Aggression in a household pet can be a big problem and even pose a risk to all or some members of the household. So, it is important to be able to recognize signs of aggression, eliminate the causes thereof, and to train away the aggressive behavior.

Because cats are small, signs of aggression in cats is sometimes taken less seriously as compared to that of a large dog; however, this is an error in judgement, as any signs of aggression can be the symptom of unhappiness which should be addressed, and furthermore, just because cats are small, it does not mean they are not formidable creatures that cannot harm children and adults alike.

Cat Body Language & Signs of Aggression

It is important for every cat owner to be able to read the body language of their cat. Even if you are not a cat owner it would be useful to be able to recognize body language in case you are at a place where there are cats in the vicinity. Aggressive behavior in cats can either be offensive, or defensive.

When a cat is trying to be offensively aggressive, it will try to make itself look bigger, and more intimidating. On the other hand, a cat that is being defensive, it will try to make itself look smaller.

Offensive Body Language

As mentioned above, when in an offensive mode, a cat will try to make itself look larger and more intimidating by utilizing one or more of the following:

  • Displaying a stiff posture with fully extended legs in an upright stance
  • Stiff and lowered tail that may be positioned in parallel to or pointing towards the ground
  • Making eye contact and holding a stare
  • Stiff and upright ears
  • Propped up hackles including the hair on the tail
  • Positioning its body directly towards the target of aggression, and even taking steps towards the target
  • Making a growling, hissing, or yowling noises

If a cat is in an offensive mode, and is overly agitated, it might strike out with its claws, attempt to bite, growl and hiss, and showing claws and teeth.

Defensive Body Language

As previously discussed, a defensive body language is when a cat tries to make itself look smaller and non-threatening by utilizing one or more of the following:

  • Taking a crouching position
  • Head may be pulled back and close the body
  • Curled tail that is often times curved around the body
  • Wide open eyes with fully dilated pupils
  • Ears are flattened towards the back or the sides of the head
  • Avoid facing the target of aggression directly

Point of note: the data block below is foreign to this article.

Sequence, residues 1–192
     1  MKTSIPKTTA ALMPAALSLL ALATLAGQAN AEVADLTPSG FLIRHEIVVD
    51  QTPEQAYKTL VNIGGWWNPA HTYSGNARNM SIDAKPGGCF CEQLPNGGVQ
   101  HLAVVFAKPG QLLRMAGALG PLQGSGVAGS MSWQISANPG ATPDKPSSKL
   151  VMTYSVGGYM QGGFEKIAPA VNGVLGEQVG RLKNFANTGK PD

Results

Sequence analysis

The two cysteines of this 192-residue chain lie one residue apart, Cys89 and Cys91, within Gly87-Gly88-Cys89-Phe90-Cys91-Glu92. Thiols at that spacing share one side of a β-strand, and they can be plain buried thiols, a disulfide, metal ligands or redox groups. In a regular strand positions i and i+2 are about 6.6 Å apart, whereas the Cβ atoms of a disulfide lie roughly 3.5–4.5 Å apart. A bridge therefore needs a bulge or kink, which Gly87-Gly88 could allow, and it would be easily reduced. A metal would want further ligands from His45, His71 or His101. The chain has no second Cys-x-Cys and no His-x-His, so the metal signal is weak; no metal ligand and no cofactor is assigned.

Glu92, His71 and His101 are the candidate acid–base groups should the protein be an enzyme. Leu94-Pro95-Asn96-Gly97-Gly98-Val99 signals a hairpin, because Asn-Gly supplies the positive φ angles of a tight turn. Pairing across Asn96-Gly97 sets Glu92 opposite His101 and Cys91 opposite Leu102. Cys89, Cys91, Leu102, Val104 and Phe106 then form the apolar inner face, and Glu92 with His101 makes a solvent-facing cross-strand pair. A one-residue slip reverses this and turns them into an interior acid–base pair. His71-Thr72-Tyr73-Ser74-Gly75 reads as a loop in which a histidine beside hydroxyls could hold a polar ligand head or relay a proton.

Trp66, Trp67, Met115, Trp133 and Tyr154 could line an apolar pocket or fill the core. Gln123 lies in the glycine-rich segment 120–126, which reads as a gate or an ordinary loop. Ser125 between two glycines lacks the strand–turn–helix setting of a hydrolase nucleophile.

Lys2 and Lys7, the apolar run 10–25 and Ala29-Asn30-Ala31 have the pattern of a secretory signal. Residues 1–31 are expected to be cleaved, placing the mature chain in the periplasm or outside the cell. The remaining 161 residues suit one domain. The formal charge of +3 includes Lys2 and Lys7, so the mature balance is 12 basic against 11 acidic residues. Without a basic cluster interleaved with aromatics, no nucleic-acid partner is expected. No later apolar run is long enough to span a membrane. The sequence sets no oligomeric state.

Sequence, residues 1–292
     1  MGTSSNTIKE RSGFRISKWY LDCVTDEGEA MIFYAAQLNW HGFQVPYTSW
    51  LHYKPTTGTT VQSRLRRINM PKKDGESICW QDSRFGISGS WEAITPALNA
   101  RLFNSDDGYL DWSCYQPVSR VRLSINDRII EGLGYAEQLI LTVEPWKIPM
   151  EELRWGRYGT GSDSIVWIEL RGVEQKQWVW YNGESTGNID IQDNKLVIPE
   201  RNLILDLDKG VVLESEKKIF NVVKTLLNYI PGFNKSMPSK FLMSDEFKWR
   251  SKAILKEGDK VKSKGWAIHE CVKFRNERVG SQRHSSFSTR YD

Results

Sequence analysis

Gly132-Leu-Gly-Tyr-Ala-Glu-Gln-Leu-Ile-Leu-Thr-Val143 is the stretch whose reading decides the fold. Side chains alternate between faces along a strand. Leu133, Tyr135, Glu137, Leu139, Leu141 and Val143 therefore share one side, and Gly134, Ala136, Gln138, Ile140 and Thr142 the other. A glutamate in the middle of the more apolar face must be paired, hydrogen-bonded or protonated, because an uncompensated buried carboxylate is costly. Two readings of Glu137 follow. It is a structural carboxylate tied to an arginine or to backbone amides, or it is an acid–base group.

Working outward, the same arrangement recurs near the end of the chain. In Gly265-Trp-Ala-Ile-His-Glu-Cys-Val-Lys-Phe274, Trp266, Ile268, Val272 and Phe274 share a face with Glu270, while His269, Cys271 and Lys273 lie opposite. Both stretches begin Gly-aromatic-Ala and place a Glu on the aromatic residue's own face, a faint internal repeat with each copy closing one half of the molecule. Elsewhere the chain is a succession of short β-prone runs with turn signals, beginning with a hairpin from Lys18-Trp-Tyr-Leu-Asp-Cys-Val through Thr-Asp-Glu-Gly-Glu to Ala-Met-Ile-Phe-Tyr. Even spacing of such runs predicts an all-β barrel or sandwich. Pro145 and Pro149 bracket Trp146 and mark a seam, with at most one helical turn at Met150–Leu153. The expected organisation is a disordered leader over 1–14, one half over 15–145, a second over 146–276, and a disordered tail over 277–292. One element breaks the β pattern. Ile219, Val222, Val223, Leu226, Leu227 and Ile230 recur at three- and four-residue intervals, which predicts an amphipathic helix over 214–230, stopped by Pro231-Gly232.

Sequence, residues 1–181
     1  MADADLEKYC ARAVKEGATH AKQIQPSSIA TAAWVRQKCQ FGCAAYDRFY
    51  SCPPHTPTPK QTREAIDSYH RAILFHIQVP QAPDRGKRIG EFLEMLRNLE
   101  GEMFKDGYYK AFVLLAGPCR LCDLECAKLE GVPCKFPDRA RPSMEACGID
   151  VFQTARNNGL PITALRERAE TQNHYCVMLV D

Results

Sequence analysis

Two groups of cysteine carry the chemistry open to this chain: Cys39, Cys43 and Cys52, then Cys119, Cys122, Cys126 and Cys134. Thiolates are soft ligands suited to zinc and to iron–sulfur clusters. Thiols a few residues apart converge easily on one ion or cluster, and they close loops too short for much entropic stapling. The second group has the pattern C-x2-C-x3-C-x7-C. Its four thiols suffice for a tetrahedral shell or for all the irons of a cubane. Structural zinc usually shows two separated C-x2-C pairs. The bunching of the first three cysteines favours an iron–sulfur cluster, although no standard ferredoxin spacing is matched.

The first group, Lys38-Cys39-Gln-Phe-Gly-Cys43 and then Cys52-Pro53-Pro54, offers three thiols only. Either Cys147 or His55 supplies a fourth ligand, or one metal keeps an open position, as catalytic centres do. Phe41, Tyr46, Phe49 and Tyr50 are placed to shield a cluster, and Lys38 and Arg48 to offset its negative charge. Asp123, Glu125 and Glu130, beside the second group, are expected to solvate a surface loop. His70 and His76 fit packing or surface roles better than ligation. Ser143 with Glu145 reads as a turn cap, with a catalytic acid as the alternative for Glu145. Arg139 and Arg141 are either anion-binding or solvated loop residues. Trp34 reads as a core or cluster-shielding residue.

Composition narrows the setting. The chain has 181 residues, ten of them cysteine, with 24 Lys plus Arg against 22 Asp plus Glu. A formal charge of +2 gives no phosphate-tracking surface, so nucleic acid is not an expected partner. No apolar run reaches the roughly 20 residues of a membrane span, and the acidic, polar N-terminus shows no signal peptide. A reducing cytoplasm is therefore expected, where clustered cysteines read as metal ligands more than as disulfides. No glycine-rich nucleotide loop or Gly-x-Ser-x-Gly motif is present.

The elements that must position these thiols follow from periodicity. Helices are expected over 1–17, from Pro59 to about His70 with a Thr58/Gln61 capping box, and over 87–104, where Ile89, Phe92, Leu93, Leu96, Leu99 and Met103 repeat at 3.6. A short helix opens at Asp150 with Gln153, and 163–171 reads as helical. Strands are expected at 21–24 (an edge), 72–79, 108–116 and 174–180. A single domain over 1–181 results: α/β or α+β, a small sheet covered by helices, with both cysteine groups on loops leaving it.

• Making hissing sounds

Causes of Aggressive Behavior in Cats

Aggression can be the result of a variety of things, with each trigger having its own level severity in aggression.

Redirected Aggression: This is when a cat cannot show aggression towards the trigger, and resorts to releasing her frustration at something or someone she does have access to. For example, if a cat is behind held by her owner, and a stranger approaches that makes the cat nervous. The cat might show aggressive behavior towards the owner since she is otherwise unable to direct her aggression towards the stranger.

Aggression Caused by Petting: If a cat is being petted in a way that it does not enjoy, she may lash out with aggressive behavior; however, aggression is usually preceded by other signs warning of the impending bite or scratch.

Aggression Resulting from Fear: If a cat finds itself in a situation where it is fearful, then it is very likely that it will show signs of aggression and eventually act in an overt manner.

Aggression During Play: Aggression during play might come in the form of biting or scratching while roughhousing or just playing. Basic training methods can be applied to deal with such behavior.

Territorial & Maternal Aggression: Territorial aggression is a normal behavior in cats and is meant to ward off strangers from encroaching onto a cat’s territory. Depending on the cause of the aggressive behavior, the means of dealing with the aggression will vary.

Similarly, a cat that is taking care of kittens will try to protect her young if she feels that they are in danger, so it is important to provide a safe and secure place for an expectant cat or one that has already given birth.

Aggression Resulting from Pain: If a cat is experiencing pain, and someone or something happens to touch that spot, this can result in aggressive behavior.